Supporters of Tehran like to repeat that Iran hasn’t initiated a war for hundreds of years (since 1798), idealizing Iran as a peaceful country, while pointing out the US is a country which has initiated numerous wars.
And although this makes statistical sense, it is profoundly misleading. Tehran’s modus operandi is not invasion but infiltration and subversion.
The proof lies in Iran’s military and political influence in Lebanon, Syria, Gaza, Iraq, Yemen and to a lesser extent (for now), in Afghanistan, Bahrain, UAE, Kuwait, Oman, Sudan, Egypt etc…
And proud of it too
The Iranians are (justifiably) proud of the power they exert: Ali Akbar Velayati, a senior advisor to Iran’s Supreme Leader Ali Khamenei recently boasted that Iran’s influence spreads from Yemen to Lebanon adding that Iran’s “current power was unsurpassable for anyone in the world”.
Iran’s military forces outside of its borders are masterminded and managed by one Qassam Suleimani, the chief of Iran’s elite Qods, a formerly shadowy master puppeteer who has finally stepped into the spotlight for doing what he stated already back in 2007: “you should know that I, Qassem Suleimani, control policy for Iran with respect to Iraq, Lebanon, Gaza, and Afghanistan“.
Since then, he has his own offices in Beirut, Damascus and Baghdad with key local representatives and is constantly on the move from battle to battle.
Suleimani enjoys the full support of Supreme Leader Khamenei who urged him to increase terror attacks against the West and its allies.
Lebanon (Hezbollah + Qods) & Gaza (Hamas)
Iran’s ties with Lebanon and Gaza date back from the Islamic revolution and the wish to fight a mutual enemy – Israel.
Formal ties escalated with the signing of a treaty in 2008 which guaranteed Lebanon military and financial support ($10 Billion in trade and $100-$150 Million to Hezbollah yearly). Since Hezbollah rose to power in Beirut, Iran’s political influence has increased to the point where the Lebanese government has openly requested for Iranian military aid on Lebanese soil. Tehran cordially agreed, Beirut reneged and then recapitulated under pressure from Hezbollah.
But is Iran welcome by the Lebanese people? A poll from 2012 shows that only 39% of the Lebanese view Iran favorably while 74% approved of tougher sanctions against Iran.
Likewise, Iran’s influence in Gaza dramatically increased following Hamas’s rise to power in the 2006 elections. Iran supplies Hamas with rockets/ammunition and funding to the tune of $30-$50 Million a year. On the whole, Iran’s influence is welcomed in Gaza by all Hamas supporters but Fatah leaders are ambivalent – they fear Tehran but they understand that without Iran, their cause would fizzle out. And although Hamas suffered a fall-out with Iran by choosing the “wrong side” in the Syrian civil war, relations are warming up to normal as a Hamas delegation recently was welcomed warmly in Tehran enjoying meetings on highest levels.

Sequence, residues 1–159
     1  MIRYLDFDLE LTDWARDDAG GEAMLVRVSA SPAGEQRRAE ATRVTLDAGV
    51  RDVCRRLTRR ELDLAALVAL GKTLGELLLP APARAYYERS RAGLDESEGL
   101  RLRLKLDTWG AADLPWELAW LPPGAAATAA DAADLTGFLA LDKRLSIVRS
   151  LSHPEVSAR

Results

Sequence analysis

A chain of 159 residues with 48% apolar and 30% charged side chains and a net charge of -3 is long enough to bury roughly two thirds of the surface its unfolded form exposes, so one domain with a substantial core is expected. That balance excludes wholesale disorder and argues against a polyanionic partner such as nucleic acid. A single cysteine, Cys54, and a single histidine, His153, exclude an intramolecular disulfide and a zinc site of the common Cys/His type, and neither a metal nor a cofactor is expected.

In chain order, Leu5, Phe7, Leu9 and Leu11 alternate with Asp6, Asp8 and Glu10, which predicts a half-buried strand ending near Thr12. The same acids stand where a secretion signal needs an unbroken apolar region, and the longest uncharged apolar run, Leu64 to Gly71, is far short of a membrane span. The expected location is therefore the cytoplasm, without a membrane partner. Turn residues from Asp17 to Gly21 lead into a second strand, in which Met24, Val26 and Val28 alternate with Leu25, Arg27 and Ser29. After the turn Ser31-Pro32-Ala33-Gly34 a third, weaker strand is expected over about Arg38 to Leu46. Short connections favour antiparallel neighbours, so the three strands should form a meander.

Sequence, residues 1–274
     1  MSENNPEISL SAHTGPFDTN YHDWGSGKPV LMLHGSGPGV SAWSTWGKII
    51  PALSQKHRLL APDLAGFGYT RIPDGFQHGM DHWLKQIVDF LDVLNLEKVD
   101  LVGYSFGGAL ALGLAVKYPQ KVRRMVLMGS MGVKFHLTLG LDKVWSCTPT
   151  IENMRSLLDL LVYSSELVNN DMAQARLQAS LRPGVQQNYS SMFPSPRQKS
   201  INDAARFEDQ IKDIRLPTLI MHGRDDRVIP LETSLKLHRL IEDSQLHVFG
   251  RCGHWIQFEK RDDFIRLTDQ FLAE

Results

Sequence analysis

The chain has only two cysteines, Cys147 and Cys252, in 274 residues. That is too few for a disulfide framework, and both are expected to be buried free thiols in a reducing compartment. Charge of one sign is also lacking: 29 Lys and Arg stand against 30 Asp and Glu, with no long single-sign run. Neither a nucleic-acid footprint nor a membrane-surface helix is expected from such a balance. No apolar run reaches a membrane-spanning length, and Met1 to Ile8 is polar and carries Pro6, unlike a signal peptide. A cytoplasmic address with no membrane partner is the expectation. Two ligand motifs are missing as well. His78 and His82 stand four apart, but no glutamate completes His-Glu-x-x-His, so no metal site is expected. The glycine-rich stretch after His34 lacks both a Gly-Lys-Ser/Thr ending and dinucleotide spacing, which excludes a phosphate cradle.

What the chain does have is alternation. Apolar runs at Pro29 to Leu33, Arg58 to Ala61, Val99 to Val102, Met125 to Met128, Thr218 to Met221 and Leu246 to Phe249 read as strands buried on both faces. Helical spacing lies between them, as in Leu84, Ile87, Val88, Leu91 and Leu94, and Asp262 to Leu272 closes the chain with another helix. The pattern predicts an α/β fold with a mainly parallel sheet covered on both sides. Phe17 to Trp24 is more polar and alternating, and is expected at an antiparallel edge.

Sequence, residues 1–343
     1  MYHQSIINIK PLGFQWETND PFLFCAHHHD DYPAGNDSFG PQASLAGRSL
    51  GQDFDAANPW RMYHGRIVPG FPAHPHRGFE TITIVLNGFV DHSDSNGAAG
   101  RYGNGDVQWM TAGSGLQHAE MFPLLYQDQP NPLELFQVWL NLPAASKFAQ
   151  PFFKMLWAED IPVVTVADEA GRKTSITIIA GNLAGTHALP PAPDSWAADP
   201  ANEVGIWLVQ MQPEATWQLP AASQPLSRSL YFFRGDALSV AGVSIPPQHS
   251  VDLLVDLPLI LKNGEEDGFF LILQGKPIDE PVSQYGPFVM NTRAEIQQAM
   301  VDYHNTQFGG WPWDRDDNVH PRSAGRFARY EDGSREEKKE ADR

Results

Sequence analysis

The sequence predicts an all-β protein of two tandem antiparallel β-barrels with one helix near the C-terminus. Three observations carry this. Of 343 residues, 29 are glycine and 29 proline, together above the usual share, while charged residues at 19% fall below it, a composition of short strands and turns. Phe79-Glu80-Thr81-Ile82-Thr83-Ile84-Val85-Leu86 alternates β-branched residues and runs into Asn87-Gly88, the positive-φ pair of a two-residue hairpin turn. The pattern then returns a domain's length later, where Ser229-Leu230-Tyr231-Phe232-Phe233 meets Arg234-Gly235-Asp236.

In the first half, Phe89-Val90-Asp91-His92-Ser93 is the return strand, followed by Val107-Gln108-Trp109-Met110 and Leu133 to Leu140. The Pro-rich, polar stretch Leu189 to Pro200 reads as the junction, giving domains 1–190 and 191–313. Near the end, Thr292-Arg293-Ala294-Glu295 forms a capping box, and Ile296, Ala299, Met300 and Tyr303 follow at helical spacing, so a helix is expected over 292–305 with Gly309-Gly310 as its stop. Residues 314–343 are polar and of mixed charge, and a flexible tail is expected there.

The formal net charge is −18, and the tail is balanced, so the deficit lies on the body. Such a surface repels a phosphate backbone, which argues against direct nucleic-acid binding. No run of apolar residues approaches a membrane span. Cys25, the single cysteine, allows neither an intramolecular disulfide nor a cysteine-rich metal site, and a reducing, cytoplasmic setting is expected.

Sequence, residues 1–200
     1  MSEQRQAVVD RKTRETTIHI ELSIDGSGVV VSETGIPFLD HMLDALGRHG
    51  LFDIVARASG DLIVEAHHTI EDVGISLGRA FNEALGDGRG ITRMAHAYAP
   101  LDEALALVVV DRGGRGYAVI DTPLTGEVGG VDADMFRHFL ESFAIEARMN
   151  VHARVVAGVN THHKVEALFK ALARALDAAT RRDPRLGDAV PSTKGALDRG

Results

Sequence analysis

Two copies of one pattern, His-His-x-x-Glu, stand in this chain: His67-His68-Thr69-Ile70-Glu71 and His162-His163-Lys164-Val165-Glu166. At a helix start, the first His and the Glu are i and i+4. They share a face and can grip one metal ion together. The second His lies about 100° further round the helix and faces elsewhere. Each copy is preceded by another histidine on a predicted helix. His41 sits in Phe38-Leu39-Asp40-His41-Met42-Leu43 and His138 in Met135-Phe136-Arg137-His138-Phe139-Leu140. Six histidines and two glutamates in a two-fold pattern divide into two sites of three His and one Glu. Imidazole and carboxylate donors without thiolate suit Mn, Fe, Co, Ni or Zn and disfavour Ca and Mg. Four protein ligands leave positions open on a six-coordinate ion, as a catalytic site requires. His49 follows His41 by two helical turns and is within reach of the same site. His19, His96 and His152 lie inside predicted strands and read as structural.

So did Iran invade Lebanon and Gaza? No.
Have they turned both of these states into satellite Shi’ite entities of Iran’s influence? Definitely yes.
Syria & Iraq (Hezbollah + Qods)
Immediately following the breakout of the civil war in Syria, Iran sent “humanitarian aid” and warned the West not to get involved while doing exactly that – got involved: Iran financed Assad to the tune of approximately $10 Billion and placed its Hezbollah/Qods troops at his disposal, allowing Suleimani to echo Colonel Kurtz’s from Apocalypse Now: “The Syrian army is useless! Give me one brigade of the Basij, and I would conquer the whole country“. Regardless of Suleimani’s criticism of the Syrian army, Assad owes his power to Tehran and supports Iran politically and militarily without hesitation.
Iran’s involvement in Iraq began with its support of the Shi’ite Prime Minister El-Maliki but it received a huge boost following ISIS’s rampage in Syria and Iraq. Hezbollah troops were immediately reassigned to deal with ISIS on Iraqi soil while Suleimani mobilized the Iranian army directly against ISIS on Iraqi soil.
Much like it does in all other regions with large Shi’ite populations, Tehran strengthens its high level military and political pressure with grassroots organizations and local militia.
And just as in Lebanon and Gaza, Baghdad placed formal requests to Tehran for military support offering Iran the chance to turn Iraq into a satellite state as well.
Foreign minister Zarif made Iran’s stance vis-à-vis Syria and Iraq very clear: he maintains support for both while urging the West to stay out.
So, did Iran invade Syria and Iraq? Again, no…not literally.
Has Tehran turned Syria and Iraq into satellite states? Syria, definitely yes. Iraq? On the way.
Yemen and the Gulf States
Unlike Lebanon, Gaza, Syria and Iraq, Iran’s influence in some states is still in its infancy.
Two months ago, Iran backed a mini-revolution in Yemen and managed to wrestle Yemen out of the Saudi hands. This event followed half a year of tense relations between Iran and Yemen regarding a kidnapped Iranian diplomat and repeated efforts by Tehran to mobilize Shi’ite supported Hoothi troops. These efforts were finally successful.
Meanwhile, Tehran continues to try to infiltrate its Gulf neighbors by operating spy rings and subversive organizations in Bahrain, Kuwait, Oman and Saudi Arabia.
So, no, Iran doesn’t officially invade countries or initiate wars.
It’s smarter, cheaper and more effective to simply infiltrate countries through a volatile cocktail of money, military and religious support. Reminds us somewhat of the Roman peace – it also claimed that it only acted out of peaceful intentions, until they conquered most of Western hemisphere.